This experiment was conducted to determine in a general way how long these fungi could remain viable in the surplus scrapings, hairs, etc., which had been preserved dry for future use in paper envelops in our laboratory files. The results would also yield some rough idea of how long the material might retain its infectiousness in those articles of clothing (slippers) and the toilet (brushes and combs) which are not always periodically cleansed.
The material consisted of hairs, crusts and scrapings in which, as a routine, fungous elements had already been demonstrated in potassium hydroxid solution as the clinical case presented. The surplus material was preserved in black photographic paper, enclosed in a white paper envelope and filed in a small drawer. Only a few specimens had been determined culturally. Plantings were made without previous alcoholization on Sabouraud's proof agar and without the addition of any restrainer.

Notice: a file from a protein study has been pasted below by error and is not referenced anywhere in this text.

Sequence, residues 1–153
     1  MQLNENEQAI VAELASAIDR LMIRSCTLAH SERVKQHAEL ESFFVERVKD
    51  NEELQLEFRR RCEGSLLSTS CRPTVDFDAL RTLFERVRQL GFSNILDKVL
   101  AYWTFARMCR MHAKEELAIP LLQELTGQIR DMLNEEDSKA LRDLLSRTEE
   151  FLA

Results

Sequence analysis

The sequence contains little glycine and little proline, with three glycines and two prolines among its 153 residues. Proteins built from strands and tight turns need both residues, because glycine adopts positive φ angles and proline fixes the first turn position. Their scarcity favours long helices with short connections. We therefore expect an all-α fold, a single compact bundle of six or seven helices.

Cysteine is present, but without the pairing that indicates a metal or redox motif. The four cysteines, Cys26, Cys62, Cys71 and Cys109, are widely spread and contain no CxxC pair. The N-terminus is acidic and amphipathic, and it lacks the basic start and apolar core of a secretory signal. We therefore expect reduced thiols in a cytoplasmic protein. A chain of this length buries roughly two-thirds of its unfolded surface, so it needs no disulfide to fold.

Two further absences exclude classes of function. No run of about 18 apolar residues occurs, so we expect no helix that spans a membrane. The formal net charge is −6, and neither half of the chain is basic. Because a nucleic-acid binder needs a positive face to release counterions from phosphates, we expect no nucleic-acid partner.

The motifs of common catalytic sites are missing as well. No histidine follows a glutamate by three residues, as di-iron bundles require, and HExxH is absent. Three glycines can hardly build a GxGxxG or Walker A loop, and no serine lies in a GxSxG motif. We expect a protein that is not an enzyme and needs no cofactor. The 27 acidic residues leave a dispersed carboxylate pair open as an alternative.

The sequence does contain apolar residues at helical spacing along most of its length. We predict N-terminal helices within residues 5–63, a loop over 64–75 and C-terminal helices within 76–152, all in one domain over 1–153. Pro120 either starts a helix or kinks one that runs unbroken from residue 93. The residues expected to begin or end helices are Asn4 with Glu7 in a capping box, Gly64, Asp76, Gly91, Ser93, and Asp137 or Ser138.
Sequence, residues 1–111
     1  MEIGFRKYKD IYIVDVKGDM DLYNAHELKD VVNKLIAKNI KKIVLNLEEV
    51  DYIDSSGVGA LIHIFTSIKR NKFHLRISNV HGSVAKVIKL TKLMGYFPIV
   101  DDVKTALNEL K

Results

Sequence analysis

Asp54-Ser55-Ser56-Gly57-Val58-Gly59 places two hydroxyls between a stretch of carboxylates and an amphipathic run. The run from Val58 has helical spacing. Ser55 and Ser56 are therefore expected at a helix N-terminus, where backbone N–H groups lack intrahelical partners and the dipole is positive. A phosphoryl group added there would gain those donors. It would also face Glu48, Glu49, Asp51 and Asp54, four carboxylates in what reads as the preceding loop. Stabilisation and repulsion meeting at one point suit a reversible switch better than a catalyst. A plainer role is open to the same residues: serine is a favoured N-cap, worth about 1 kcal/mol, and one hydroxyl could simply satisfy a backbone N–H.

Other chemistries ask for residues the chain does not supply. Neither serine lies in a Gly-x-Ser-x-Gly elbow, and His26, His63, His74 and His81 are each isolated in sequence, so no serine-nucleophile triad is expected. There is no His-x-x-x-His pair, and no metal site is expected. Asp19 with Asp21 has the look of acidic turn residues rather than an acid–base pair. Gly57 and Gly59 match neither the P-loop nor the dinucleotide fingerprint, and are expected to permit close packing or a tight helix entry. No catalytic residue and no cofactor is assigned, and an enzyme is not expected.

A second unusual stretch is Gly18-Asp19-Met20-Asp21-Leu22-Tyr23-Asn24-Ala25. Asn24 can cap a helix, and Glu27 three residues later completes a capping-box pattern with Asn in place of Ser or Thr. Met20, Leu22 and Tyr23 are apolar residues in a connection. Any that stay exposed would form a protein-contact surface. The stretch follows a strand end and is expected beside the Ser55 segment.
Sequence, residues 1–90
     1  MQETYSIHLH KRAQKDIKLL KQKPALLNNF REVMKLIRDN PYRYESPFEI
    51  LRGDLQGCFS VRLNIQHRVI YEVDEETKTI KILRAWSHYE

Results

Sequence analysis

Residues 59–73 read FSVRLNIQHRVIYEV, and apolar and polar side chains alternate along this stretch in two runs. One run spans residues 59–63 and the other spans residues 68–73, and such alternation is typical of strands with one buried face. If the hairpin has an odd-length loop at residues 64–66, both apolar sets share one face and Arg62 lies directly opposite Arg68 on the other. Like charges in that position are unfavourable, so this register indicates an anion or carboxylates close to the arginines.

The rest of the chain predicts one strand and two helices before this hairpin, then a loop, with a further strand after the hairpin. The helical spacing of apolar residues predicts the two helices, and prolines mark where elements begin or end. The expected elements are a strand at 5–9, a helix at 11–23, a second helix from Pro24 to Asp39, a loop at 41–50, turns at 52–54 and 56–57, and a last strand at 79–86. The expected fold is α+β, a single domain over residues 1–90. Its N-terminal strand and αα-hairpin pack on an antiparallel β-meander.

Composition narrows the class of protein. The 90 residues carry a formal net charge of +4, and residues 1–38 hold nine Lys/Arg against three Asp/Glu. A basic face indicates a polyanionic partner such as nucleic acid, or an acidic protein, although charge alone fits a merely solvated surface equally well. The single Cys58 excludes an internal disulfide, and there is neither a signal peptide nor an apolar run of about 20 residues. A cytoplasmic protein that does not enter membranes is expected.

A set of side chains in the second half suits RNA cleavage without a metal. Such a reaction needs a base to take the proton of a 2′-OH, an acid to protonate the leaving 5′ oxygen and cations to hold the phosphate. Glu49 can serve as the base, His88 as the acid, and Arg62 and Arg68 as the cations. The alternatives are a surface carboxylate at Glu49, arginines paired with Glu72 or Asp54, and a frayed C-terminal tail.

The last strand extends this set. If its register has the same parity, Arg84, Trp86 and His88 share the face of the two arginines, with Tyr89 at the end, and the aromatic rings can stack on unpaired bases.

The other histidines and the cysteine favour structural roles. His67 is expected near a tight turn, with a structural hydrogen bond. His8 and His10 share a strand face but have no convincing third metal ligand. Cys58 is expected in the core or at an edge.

The table shows